Brits throw away 42% of the food they buy – but how can they cut down?

Britons are throwing away £2,675 in rotten food every year because they don’t know it needs to go in the fridge, research reveals

  • Research found Britons chuck an estimated £2,675 of food in the bin each year 
  • Two fifths of food Brits buy is thrown away, with ready meals one worst offenders
  • One way to reduce food waste is to organise fridges to make food last longer 
  • Vegetables should be placed in separate drawers to stop them going soggy 

Britons throw out 42 per cent of the food they buy each year – meaning £2,675 worth just goes in the bin, researchers have revealed.  

The main cause of food wastage is thought to be because people don’t know how they should be storing their shopping, according to researchers working with Samsung.

Figures revealed the UK is conflicted over where to store common kitchen staples – in the fridge or on the counter – and amid fears of possible panic buying during the uncertainty of the coronavirus pandemic it is particularly important to ensure food stays fresher for longer. 

In a study of 20,000 people across 11 countries Switzerland wasted the most, closely followed by Norway, Italy and France. 

Of the food purchased by Brits, 42 per cent is thrown away, equating to £2,675 of food in the bin each year. Pictured: Fruit and vegetables stored correctly in the fridge

In the UK, fruits proved to be a large proportion of waste, as 55 per cent of people stored pears incorrectly, 65 per cent stored apples in the wrong place and 66 per cent didn’t put oranges away properly. 

Eggs are another issue, as 37 per cent are left on the counter when they would be preserved for longer in the fridge. 

The data also showed 52 per cent of fresh herbs, 46 per cent of ready meals and 45 per cent of sauces/condiments went to waste.

Surprisingly, expensive convenience items such as ready meals and products that are largely designed to kept in the freezer, were being stored in the fridge. It meant items were taking up valuable space but then thrown away.

And ketchup often goes out of date because people are divided over where to store it, with half keeping it out of the fridge. While it can be stored in the cupboard after the initial grocery shop, once opened the experts at Samsung suggest ketchup should be chilled.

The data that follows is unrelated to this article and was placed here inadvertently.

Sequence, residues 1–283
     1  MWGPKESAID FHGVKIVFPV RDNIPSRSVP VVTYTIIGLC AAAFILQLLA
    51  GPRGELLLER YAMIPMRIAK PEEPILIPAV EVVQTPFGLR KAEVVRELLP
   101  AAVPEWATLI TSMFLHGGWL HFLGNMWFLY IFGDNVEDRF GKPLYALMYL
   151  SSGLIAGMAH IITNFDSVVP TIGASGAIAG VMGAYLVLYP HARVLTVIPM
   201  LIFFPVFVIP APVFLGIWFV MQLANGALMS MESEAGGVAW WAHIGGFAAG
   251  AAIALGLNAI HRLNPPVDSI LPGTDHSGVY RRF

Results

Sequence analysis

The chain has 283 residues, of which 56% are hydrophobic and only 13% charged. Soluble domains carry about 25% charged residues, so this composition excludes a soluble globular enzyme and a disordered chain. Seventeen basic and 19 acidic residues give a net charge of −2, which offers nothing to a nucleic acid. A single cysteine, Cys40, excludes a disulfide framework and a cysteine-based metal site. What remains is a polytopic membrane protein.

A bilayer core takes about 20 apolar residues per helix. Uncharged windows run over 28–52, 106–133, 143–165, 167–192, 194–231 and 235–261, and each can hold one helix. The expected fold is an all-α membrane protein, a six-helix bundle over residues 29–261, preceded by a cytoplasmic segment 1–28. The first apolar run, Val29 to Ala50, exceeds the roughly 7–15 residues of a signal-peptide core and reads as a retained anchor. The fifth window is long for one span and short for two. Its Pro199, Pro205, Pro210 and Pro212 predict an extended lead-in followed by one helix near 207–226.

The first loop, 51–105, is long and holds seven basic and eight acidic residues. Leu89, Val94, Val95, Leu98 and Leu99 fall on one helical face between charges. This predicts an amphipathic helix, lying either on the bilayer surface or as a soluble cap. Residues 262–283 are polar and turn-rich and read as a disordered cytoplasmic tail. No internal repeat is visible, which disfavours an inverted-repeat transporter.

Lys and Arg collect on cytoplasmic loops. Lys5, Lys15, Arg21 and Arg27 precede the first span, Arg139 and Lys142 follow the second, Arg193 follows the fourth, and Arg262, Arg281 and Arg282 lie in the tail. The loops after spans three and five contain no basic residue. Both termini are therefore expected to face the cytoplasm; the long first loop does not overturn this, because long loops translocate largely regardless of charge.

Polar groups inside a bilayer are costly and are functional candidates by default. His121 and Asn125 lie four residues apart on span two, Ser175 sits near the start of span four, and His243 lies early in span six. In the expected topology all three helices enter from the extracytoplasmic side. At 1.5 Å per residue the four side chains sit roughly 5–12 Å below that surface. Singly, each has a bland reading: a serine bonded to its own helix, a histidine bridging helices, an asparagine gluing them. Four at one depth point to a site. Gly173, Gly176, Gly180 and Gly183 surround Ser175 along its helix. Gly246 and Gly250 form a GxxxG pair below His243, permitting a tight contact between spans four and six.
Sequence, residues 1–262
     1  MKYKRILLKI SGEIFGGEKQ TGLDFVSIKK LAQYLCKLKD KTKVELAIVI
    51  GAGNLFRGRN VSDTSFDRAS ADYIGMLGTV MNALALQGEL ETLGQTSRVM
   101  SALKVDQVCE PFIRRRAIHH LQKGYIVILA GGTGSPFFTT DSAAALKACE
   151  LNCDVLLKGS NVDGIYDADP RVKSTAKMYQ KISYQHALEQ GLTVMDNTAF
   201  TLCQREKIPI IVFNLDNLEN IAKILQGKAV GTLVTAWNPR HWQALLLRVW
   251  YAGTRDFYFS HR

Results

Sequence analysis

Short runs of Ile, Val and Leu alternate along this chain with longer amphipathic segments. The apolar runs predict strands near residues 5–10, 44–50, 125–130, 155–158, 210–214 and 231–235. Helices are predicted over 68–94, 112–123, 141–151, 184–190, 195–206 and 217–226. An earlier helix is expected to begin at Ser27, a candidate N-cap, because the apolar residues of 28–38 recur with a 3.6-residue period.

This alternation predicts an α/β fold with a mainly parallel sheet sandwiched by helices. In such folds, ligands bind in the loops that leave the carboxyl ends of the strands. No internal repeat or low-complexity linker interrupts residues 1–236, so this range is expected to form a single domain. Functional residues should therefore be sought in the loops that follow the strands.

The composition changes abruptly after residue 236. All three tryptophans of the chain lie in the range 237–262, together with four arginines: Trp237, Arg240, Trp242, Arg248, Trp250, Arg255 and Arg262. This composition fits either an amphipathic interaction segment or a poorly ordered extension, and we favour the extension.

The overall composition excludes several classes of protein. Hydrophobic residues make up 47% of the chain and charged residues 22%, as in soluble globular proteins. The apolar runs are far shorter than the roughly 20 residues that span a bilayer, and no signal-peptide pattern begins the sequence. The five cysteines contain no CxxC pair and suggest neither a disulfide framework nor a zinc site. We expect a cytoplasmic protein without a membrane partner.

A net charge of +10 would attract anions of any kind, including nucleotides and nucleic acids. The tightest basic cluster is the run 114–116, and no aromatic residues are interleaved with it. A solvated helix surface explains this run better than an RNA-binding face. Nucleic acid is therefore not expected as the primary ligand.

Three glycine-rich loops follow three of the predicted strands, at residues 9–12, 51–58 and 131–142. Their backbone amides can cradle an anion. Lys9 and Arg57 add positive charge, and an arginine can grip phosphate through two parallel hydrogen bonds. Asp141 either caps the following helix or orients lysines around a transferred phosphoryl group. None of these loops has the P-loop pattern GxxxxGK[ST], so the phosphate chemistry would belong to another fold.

New research found people may be getting rid of many foods because they are unaware of how best to store their shopping. Pictured: Fruit and vegetables rot after being stored on the counter

Using drawers that have adjustable settings can stop fresh fruit and vegetables from going soggy, experts revealed

Sauces and condiments blocking visibility in fridges were also found to lead to people making duplicate purchases. 

In considering how to avoid waste, almost half think a better food organisation system would help them reduce their food waste and three in five think their food would last longer if they stored it correctly. 

The data also found some of the most common reasons for household food waste are forgetting items are in the fridge, not checking expiration dates and not planning meals ahead of shopping. 

Nick Bevan, Head of Product Management at Samsung, said: ‘A forgotten vegetable at the bottom of the fridge drawer is a common sight in our homes, yet a few small changes could make this a thing of the past.

‘Simply knowing where food items belong and re-organising our fridges are small things that can help tackle the big problem of food waste in the UK. 

Researchers for Samsung developed a series of tips to help people stretch out the life of their popular weekly shopping list items

‘Consider how best to use the space in your fridge and what features you can make the most of to keep your food lasting fresh for longer. 

While two thirds of Brits feel guilty for the amount they waste and 51 per cent are more aware of their food waste due to lockdown restrictions, only 56 per cent have a plan in place to help tackle the issue at home. 

How to optimise your fridge storage to keep your shopping fresher for longer – and save you money

In a bid to combat food waste and educate consumers on how to increase the shelf life of their fridge items, Samsung created a series of tips on how to organise a fridge.

1. Tailor your fridge shelves to your needs to put an end to the one tall bottle or a container of leftovers that won’t quite fit as you’d like

2. Make sure you know where your fruit and vegetables should be stored – some foods such as avocados, peaches and melon should be stored out of the fridge before they ripen, but put into the fridge once they’re ripe to prevent wastage

3. To maintain an even temperature inside your fridge, look for models that include No Frost technology – keeping food stay fresher for longer but also preventing ice-build up

4. Remember humidity is just as important as temperature.  If possible, look to use drawers that have adjustable settings – stopping fresh fruit and vegetables from going soggy

5. Always store raw meat, poultry and fish on the lower shelf of the refrigerator and keep it wrapped up to prevent food smells from spreading and any juices from dripping onto other foods

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